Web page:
Salina Mayloni Almanzar

Posted in 40 under 40 2021

Salina Mayloni Almanzar

MS arts administration ’17

Visual artist; photography and printmaking technician, Franklin and Marshall College (Lancaster, Pennsylvania); co-initiator, The Seed Project (Lancaster, Pennsylvania)

salina almanzar

When Salina Almanzar completed her master’s in arts administration from Drexel’s Westphal College of Media Arts & Design in 2017, she gained more than a degree. Almanzar also found the confidence to push for the equitable, inclusive and bold public work she wanted to see in her city of Lancaster, Pennsylvania. In the years since, Almanzar hasn’t stopped pushing. “Lancaster City is small enough that we can see change happen quickly and yet it is big enough that historically marginalized peoples are lost,” she says. “As a social practice artist, my job is to build the tables we need rather than constantly asking permission to be heard.” In 2018, Almanzar partnered with photographer Osmyn J. Oree to create “This Neighborhood Is…” a sprawling mural that combines colorful portraits of Lancaster’s Culliton Park residents with words describing the community. When the nonprofit Americans for the Arts recognized the mural as one of the top 50 public art projects in the nation, Almanzar viewed the honor as one she shared with the city. “Success for me is communal,” she says, a notion that was cultivated at Drexel. “When I rise, my community rises with me.” Education is also part of Almanzar’s mission. She was a teaching artist and board member with Lancaster Public Art, and is now focused on a five-year “creative placemaking” project funded by the Pennsylvania Council for the Arts. She’s taught as an adjunct at Drexel and is a photography and printmaking technician at her other alma mater, Franklin and Marshall College. In 2017, Almanzar became the youngest member of Lancaster’s school board. “Success to me means that another kid from my city isn’t thinking, ‘When I get out of here, I can be successful,’” she says, “but instead, ‘I can make a meaningful impact on my community here.’”

In her own words…

My Greatest Accomplishment: My greatest accomplishment is difficult to narrow in on but I feel a sense of peace and “this is what I’m supposed to be doing” whenever I’m working in community toward some kind of public artwork or installation. I was honored to be part of the Americans for the Arts Best Public Art Database in 2018 for my work with photographer Osmyn J. Oree at Culliton Park in Lancaster City. Since then we’ve been able to create several permanent and temporary public art installations driven by the community over the past three years.

How Drexel Helped Me: Drexel helped me feel a sense of validation in the work I was interested in and gave me the confidence to push for the kind of public work that I wanted to see in my city. Drexel also allowed me to meet some of my closest friends and collaborators. I deeply value the sense of collaboration and co-authorship that Drexel encourages.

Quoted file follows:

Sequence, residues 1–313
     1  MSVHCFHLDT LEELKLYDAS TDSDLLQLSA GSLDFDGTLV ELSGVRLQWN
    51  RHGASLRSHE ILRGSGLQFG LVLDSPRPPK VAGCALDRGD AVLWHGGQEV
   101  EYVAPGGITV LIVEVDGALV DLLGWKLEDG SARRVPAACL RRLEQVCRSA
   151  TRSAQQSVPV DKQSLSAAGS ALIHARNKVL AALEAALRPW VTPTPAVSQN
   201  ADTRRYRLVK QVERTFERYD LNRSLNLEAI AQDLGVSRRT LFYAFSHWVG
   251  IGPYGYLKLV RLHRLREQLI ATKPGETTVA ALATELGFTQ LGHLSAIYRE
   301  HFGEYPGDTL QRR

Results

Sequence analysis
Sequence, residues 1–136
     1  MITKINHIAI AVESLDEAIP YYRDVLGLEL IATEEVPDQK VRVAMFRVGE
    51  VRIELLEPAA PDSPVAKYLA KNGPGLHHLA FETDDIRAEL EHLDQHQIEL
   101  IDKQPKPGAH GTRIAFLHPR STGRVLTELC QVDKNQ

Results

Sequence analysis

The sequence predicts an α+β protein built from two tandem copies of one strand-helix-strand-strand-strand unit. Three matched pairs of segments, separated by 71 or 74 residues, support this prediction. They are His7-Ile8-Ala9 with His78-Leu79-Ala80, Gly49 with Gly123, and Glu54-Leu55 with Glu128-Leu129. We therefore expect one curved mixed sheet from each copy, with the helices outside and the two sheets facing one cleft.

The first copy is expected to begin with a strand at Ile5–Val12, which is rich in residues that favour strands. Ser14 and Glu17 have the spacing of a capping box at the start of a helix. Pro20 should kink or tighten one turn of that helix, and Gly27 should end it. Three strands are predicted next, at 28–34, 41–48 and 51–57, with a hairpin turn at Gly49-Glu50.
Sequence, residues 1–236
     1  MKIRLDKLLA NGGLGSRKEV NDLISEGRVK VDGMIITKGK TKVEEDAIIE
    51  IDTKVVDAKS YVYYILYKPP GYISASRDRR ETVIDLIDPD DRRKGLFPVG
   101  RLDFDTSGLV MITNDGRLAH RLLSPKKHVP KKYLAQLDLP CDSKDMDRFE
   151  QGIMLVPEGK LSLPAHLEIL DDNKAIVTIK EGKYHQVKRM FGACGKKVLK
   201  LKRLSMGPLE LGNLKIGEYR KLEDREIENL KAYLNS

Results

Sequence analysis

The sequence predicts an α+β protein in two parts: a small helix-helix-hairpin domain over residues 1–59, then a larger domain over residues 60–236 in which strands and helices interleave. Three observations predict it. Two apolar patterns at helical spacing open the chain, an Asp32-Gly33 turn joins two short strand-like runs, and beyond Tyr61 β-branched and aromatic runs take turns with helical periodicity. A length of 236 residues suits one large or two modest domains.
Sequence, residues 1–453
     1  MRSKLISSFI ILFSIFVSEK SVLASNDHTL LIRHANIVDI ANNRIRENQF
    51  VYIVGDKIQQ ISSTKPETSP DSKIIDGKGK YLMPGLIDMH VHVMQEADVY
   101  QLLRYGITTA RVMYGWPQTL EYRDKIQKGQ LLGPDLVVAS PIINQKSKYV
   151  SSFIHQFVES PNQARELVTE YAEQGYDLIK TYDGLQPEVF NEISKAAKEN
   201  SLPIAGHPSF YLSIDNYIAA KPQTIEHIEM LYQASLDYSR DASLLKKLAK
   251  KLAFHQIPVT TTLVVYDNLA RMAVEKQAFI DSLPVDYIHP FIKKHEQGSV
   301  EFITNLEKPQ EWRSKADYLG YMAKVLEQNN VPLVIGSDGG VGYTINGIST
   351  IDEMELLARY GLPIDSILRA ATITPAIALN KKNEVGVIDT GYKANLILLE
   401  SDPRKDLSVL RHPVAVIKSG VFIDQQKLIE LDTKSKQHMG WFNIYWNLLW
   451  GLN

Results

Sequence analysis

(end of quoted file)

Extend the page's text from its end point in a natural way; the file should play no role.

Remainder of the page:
How the Past Year Has Influenced Me: Plague year has forced me to slow down and radically re-evaluate what social practice looks like in a world where we can’t meet at tables and eat snacks and paint together. It’s been a very challenging year because my summers are usually spent doing a lot of community-based work that looks like big crowds, time in parks, talking with lots of people, and visiting folks. I am lucky to have had opportunities to paint murals and do public artwork. This has allowed me to experiment with what engagement can look like. I’ve been using zines to communicate and invite folks to respond to prompts in-zine. Social media has been tremendously helpful to get more involvement and partnering with our local school district. The pandemic has really forced me to hold the space between contradictions: meaning the year was challenging, sad, angering, and hard and it has also been transformative, allowed for innovation, and revealed new ways for social practice to be more accessible.

My Top Post-Pandemic Plan: My plan is to revisit my work in community and revamp how I do community-based work. I’m lucky to be in year one of a huge project in my community that is allowing myself and my co-initiator, Josh Graupera, to experiment with print media, outreach, interactive public art, and so much more. Our project, the seed project, would have launched last year but we were lucky to have the grace to re-write our proposal from scratch and launch this year. It’s exciting and still in a gooey, wet, clay phase. We can see the general shape but not all the details quite yet and I find that to be the most exciting part of launching a project.